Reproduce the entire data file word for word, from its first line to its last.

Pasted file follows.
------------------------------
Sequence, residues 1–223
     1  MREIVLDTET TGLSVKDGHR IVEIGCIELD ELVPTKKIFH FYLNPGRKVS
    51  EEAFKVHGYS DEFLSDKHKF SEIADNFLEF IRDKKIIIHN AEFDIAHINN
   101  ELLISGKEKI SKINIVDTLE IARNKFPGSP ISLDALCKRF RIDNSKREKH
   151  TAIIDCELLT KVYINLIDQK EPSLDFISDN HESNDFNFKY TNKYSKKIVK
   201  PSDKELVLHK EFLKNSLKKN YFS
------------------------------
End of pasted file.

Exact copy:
Sequence, residues 1–223
     1  MREIVLDTET TGLSVKDGHR IVEIGCIELD ELVPTKKIFH FYLNPGRKVS
    51  EEAFKVHGYS DEFLSDKHKF SEIADNFLEF IRDKKIIIHN AEFDIAHINN
   101  ELLISGKEKI SKINIVDTLE IARNKFPGSP ISLDALCKRF RIDNSKREKH
   151  TAIIDCELLT KVYINLIDQK EPSLDFISDN HESNDFNFKY TNKYSKKIVK
   201  PSDKELVLHK EFLKNSLKKN YFS